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  • Writer's pictureAndrew Fisk

Happy Nauryz! 💐


We are in full swing Nauryz (Nowruz) holiday weekend here in Kazakhstan. Three of the working days are recognized holidays, and this year it falls over the weekend. So 5 days of holidays! That is something we have had to get used to a bit here. Holidays are not stand alone like in the States, they can last for days at a time. 😂 Here’s just a few cool things about this holiday. It is the Iranian New Year (or Persian New Year), celebrated in all central asian countries plus a few more like Georgia, India, Iran, Turkey, China and others. The first day of the holiday coincides with the first day of spring for the northern hemisphere (March 21), and it’s an internationally acknowleged holiday in the UN. The definition of Nauryz actually is “new day”. It is a secular holiday, but enjoyed by people of many faiths, and is actually a holy day for a few religions.

In Kazakhstan specifically, we have had different friends share with us what it means here. During the celebrations, past offenses are forgiven and forgotten and everybody makes a wish to leave all badness behind and bring renewal in the New Year. (purifying and renovation) There are gifts presented as well to relatives and friends. Now the food, (always FOOD!) like what Avi and I are drinking pictured above, the most popular is Kozhe. Traditionally, it is made out of the items in your pantry you had stored for winter and it is a soup of sorts from those items to clear it out and get ready for fresh seasonal food. This soup (or like a drink) has to have 7 ingredients. Each region has different types of ingredients that are popular/common to that region. Those 7 ingredients represent the following: Also, the baursak is popular- it is a sweet puffy fried triangular bread that is actually made all year and served with tea, but I think lots of people home make it during this holiday. Then there is the shelpek, which is a round flat savory bread, (shaped round to symbolize the sun) also fried. Our neighbors made some of both and brought it over! ❤️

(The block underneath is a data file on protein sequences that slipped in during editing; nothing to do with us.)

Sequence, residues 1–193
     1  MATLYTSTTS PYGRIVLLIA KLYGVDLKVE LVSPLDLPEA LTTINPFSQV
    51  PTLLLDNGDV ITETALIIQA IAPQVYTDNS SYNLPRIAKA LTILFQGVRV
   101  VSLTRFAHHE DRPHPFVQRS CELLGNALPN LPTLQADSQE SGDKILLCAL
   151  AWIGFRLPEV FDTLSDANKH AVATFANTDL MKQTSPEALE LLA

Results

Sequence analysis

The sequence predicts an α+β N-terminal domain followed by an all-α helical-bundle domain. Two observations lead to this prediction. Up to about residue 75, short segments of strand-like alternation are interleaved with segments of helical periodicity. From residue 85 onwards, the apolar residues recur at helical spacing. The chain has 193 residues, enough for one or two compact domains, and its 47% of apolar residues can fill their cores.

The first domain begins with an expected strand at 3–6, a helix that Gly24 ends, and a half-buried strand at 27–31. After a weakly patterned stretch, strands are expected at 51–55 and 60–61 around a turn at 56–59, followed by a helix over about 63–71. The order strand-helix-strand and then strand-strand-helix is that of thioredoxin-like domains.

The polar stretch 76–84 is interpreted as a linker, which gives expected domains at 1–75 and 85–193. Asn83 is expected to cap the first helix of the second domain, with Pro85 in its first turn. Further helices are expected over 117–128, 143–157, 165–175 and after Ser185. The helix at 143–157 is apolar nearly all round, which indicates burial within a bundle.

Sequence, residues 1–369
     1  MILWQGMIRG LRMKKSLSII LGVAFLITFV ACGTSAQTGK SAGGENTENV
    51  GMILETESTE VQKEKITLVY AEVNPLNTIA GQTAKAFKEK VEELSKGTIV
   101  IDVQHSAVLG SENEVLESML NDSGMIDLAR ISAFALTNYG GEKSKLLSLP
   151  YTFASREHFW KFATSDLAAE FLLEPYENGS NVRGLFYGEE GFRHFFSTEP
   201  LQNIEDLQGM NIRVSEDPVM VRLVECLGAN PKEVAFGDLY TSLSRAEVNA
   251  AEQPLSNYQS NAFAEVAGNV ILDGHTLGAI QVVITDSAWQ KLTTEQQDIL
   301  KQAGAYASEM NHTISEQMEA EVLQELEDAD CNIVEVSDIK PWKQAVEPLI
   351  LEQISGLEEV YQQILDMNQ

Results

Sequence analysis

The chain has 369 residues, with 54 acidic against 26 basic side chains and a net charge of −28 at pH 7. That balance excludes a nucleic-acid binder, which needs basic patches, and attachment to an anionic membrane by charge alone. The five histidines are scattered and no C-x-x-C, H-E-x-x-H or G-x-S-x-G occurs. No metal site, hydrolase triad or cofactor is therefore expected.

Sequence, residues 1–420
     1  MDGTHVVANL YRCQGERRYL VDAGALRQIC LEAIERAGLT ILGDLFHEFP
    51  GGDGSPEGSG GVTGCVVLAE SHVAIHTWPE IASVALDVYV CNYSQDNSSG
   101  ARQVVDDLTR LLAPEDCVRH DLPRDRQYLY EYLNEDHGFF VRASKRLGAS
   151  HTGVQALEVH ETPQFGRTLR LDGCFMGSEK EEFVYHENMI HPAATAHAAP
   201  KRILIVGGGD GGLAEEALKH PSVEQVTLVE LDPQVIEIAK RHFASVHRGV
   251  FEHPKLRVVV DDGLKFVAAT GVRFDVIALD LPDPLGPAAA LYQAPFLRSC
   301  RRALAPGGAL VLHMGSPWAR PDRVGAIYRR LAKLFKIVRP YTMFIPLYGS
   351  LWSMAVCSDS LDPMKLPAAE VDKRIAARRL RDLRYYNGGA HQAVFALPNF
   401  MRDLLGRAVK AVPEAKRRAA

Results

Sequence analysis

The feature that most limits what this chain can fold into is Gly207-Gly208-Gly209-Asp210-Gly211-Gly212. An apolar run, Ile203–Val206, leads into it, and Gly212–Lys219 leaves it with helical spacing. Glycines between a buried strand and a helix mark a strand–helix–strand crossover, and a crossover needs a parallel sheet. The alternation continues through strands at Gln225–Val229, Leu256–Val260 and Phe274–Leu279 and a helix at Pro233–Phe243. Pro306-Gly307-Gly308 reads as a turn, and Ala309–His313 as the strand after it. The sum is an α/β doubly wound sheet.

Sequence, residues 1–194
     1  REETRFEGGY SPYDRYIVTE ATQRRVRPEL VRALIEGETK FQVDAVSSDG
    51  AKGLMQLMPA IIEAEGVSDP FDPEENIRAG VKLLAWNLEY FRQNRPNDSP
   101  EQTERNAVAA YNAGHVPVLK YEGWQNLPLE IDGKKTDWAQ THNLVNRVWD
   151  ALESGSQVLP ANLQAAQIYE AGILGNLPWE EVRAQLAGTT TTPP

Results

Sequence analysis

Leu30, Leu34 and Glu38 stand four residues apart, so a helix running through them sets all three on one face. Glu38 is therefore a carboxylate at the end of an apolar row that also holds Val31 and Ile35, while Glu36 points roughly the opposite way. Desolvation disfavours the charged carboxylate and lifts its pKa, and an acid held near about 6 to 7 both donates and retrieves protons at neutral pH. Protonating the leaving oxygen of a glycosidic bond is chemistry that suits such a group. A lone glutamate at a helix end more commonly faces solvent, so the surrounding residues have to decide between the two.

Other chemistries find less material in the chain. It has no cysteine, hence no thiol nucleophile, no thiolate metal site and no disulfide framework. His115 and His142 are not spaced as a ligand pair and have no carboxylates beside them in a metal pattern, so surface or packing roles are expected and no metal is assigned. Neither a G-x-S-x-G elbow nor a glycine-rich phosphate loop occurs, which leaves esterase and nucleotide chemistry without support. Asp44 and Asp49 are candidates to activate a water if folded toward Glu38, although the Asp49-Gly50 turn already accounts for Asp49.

Lastly, the festivals! There are so many festivals in every village and city. Yurts (traditional nomadic hut type homes) are erected and on display, all the traditional clothing is worn, traditional musical instruments played and many dance and singing performances of traditional Kazakhs. Actually, we heard this year that the country pushed for all the people, not just performers, to wear traditional clothing. We definitely saw it walking around among the people in the old square. (second picture with us posing as a fam) Last year, we saw a traditional example of “dzhigitovka” where the ride went at a full gallop, stand up, jump to the ground and back to the saddle, pick up objects from the ground, and have various acrobatics including fire! Avi’s school even had a celebration this week 😍 (last picture) This holiday is such a fun cultural experience for us and we are learning something new every time.

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